I think Trey’s point about what tripped Richt’s trigger trumps the tawdry trip to trumpet town. Truth triumphs all behavior and will get your ass on the splinters quicker than anything with Richt. Zach’s inability to take responsibility for his own actions sets a high bar for team dismissal and I can’t think of another coach who has the cojones to do that. It also sets a team standard for personal responsibility and owning up to your actions that reverberates throughout the team.

  7. collegeparkdawg

    Good lord that was a sad link. I had no idea about any of that story. Never been a ND fan and was approaching the title game this year with a hope they both lose attitude. But WTH? Roll Tide Roll. I depise Saban but I can’t see him as a father with a daughter letting alleged rapists stay on the team. He’s evil but damn surely not that evil. The texts alone even w/o further criminal type proof warrant some sort of penalty on the players involved. It’s bullying at the very least.

    • Cojones

      The reason we had no idea is because they have scabbed it over. I remember a big party attended by many ND players that was broken up by South Bend town cops after neighbors called in and it was in the news for a couple of days, but no details. Have heard nothing since (no names, not squat) and that shows to go you that they are good at burying shit.

      Now I have a fan behavior question : If we were playing them in the NC game , would we be having this blog? I would like to think, Yes!

  8. DawgPhan

    Also, why not besmirch millions of people, ND is a catholic institution, they dont exactly have a great track record when it comes to be one the right side of morality.

    • The Catholic Church as a two millennia tradition of “handling things in-house.”

      • AthensHomerDawg

        ” so the reporter asks the distraught family member….just why did you leave you kid with priest as his baby sitter? Family Member responds: Michael Jackson wasn’t available.” Yikes. That was insensitive. Hope I haven’t ruffled James “JO-PA” feathers. If I have….. well damn. “Was that wrong?”

        • Cojones

          James posted well and accurately. Don’t think he was defending anyone or any behavior. You will have to answer your own question, AHD.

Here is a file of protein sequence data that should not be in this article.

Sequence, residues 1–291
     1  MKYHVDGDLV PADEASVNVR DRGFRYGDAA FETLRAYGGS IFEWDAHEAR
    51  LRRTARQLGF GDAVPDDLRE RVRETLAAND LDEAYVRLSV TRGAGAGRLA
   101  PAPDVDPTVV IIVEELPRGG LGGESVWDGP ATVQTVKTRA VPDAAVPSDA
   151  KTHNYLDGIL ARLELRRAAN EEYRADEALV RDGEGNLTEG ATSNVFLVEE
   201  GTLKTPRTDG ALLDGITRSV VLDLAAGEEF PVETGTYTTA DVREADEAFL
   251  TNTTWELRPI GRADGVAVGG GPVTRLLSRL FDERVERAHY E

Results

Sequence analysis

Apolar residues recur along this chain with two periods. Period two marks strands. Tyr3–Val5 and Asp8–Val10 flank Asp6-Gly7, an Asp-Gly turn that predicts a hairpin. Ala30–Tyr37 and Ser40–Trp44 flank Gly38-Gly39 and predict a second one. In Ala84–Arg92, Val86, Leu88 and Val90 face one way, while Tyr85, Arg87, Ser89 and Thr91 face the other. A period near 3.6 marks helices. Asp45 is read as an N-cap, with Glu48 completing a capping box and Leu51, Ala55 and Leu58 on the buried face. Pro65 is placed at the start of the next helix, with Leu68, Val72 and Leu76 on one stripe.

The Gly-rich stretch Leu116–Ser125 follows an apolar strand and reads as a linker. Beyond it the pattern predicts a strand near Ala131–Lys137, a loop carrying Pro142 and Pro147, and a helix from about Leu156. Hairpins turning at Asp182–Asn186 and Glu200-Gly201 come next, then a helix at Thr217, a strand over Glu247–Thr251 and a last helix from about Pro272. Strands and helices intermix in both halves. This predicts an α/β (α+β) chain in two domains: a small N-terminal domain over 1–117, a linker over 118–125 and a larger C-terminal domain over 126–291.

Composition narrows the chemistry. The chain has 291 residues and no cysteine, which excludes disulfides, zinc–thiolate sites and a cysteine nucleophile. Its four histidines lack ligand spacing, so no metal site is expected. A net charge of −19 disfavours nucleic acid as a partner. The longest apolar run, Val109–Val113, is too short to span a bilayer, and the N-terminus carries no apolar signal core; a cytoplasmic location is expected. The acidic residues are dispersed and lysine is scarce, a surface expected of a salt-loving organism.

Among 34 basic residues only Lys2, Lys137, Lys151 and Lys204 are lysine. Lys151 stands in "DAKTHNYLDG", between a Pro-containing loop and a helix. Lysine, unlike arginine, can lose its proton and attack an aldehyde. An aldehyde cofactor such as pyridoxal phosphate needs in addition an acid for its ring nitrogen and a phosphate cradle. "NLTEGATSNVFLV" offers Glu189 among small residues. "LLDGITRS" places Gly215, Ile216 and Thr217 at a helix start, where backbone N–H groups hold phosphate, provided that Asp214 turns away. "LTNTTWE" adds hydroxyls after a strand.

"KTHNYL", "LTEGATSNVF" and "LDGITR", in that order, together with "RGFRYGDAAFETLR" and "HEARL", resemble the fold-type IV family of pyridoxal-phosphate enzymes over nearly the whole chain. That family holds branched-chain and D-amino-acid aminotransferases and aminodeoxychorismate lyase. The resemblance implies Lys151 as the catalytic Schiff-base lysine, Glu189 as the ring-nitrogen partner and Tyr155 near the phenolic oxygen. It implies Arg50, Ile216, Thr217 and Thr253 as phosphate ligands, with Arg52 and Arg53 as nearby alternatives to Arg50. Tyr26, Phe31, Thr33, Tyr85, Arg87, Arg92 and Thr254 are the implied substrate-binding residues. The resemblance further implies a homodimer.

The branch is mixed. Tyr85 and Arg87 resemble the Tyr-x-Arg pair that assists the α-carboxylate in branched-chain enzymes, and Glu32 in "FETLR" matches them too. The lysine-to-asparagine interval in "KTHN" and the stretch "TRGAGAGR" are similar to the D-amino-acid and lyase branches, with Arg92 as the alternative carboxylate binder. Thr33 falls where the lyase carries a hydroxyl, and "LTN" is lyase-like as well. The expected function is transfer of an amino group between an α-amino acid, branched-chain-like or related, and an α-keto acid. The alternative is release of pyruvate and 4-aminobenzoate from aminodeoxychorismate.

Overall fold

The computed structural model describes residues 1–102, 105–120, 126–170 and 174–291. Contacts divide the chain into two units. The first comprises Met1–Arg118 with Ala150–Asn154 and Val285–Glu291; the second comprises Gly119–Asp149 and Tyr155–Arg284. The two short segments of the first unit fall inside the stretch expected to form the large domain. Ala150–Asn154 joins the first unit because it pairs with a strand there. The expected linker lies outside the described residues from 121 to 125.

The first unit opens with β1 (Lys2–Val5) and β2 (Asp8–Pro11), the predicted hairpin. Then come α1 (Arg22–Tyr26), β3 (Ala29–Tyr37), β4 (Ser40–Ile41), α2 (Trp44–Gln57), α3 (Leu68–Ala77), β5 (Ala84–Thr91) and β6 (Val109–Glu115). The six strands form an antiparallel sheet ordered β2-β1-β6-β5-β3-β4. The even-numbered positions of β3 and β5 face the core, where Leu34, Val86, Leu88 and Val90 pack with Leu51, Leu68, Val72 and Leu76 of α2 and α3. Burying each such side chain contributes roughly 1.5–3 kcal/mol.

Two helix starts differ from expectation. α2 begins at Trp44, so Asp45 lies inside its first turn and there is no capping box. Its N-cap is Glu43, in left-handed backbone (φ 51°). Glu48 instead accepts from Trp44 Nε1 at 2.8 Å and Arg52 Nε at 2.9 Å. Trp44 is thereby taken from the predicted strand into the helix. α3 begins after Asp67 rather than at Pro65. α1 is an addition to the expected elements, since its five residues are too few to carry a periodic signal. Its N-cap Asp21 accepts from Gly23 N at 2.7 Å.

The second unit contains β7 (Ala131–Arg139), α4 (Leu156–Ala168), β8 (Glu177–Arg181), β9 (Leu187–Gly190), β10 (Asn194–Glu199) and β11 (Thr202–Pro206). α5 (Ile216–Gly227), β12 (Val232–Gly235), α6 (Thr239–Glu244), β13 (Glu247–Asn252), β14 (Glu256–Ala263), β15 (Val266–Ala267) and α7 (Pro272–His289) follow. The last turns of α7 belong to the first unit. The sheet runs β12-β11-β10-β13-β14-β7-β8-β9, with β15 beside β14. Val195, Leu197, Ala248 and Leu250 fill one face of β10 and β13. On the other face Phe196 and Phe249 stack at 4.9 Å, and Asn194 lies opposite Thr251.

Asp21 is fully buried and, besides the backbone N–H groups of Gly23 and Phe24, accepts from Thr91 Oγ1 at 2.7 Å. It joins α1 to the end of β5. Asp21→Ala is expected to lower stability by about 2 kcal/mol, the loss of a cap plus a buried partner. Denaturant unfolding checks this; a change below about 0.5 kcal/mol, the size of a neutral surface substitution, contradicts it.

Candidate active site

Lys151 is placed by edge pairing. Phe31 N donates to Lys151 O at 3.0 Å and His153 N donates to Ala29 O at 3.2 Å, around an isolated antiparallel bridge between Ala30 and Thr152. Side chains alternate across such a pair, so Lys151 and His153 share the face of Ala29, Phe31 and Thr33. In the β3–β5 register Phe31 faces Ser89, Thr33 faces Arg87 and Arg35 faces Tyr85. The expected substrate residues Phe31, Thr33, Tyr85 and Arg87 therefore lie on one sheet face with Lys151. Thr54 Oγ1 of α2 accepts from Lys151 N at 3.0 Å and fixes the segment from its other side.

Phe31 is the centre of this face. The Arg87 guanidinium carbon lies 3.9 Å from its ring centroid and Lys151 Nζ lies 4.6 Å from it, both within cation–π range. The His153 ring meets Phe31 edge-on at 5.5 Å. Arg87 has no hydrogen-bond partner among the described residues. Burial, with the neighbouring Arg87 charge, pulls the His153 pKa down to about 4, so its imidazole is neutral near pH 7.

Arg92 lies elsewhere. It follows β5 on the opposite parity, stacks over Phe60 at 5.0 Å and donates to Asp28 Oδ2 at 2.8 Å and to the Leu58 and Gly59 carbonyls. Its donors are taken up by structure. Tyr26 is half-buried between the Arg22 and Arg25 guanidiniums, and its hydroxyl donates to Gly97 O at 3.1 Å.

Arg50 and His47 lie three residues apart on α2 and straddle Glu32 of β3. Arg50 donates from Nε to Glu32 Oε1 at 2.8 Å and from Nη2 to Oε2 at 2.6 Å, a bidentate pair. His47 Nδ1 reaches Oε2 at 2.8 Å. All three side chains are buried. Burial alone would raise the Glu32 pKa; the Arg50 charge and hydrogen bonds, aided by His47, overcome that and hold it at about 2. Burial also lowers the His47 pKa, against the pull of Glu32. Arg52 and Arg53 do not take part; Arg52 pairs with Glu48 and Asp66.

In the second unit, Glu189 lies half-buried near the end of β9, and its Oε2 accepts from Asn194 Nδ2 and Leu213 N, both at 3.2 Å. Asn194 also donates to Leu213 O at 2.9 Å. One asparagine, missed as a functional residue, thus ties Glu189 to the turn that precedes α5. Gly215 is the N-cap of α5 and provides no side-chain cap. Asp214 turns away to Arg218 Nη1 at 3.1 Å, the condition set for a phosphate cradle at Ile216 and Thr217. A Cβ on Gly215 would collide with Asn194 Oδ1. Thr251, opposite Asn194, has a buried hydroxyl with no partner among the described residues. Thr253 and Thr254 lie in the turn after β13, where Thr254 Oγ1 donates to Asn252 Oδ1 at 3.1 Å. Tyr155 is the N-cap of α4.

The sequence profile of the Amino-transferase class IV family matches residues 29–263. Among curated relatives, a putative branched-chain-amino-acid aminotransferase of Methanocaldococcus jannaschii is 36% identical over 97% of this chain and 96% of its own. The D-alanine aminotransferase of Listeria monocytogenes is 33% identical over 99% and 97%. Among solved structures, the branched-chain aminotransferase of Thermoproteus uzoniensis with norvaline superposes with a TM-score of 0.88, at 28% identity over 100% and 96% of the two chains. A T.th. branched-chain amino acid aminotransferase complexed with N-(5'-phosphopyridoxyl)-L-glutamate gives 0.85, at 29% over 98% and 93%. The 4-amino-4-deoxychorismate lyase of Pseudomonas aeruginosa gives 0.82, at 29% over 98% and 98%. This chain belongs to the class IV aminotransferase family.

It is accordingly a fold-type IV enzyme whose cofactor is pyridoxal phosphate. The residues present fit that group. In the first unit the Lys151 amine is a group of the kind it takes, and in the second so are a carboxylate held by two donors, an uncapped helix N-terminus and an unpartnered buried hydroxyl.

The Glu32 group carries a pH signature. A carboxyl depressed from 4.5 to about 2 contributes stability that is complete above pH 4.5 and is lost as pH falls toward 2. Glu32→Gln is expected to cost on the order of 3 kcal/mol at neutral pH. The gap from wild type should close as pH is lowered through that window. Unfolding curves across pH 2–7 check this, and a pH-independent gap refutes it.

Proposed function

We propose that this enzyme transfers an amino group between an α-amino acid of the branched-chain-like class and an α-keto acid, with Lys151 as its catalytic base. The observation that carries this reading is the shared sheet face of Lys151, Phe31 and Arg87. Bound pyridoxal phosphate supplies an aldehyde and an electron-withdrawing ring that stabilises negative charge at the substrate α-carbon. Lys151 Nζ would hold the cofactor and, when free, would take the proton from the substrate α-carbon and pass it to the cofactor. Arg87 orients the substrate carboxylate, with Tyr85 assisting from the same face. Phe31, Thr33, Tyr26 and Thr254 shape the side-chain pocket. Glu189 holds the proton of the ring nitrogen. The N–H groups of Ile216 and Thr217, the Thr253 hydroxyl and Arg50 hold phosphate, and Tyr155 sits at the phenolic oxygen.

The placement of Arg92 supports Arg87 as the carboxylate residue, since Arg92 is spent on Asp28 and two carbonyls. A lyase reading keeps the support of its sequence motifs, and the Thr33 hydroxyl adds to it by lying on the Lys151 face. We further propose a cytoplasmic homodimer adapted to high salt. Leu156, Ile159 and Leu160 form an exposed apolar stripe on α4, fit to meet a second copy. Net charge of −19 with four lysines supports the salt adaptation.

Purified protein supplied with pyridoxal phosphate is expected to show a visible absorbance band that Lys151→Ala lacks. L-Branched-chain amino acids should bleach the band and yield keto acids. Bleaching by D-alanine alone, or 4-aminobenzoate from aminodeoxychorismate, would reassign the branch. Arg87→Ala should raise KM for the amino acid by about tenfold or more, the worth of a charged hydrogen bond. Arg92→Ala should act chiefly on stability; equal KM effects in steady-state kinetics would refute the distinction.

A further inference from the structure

9. Always Someone Else's Fault

    They didn’t exactly pull out the stops to get to the bottom of the dead body at the bottom of the crane after a guy fell off filming a practice during forecasted high winds, either – and that was prior to PSU.

    2 dead bodies connected to the football program in less than 4 years. Interesting.

    • The Lone Stranger

      The family of said deceased “settled” for a not untidy sum before the fiasco had a chance to play out in the public courts.

  10. Bryant Denny

    Name names.

  11. sniffer

    This is a recent article published in the Washington Post. Not the South Bend paper or even the Chicago Tribune. It will be interesting to see if this report grabs the attention of women’s issues advocates and gains momentum between now and the championship game. Or if ever.

    • NC Dawg

      This a column, not a news article. It’s clearly an opinion piece — the writer’s opinion. Don’t take it as unbiased reporting. There’s a danger in jumping to conclusions when the only source of information is a column. I’m not saying the information is wrong or misleading, but what are the sources?

      • Debby Balcer

        She cites her sources in the editorial. She shows professionalism by not naming the accused in her article. This is very telling about ND it reminds me of the reaction to the priests. My husband’s family is Catholic and I have seen both good and bad from the church.

        • NC Dawg

          Not trying to argue with you, but one should never mistake an op-ed piece, which gives one’s view of an issue,” with an in-depth news story. The writer clearly thinks ND is covering up a rape. But no one has been charged. She didn’t mention the name, not out of professionalism, but because the Post would have been sued and likely found liable for a massive monetary amount for publishing even somone’s else’s contention that an uncharged citizen is guilty of rape. The facts may certainly be as terrible as they appear to be. Just be careful of reaching that conclusion too quickly and easily. One side of the story is presented here.

          • Debby Balcer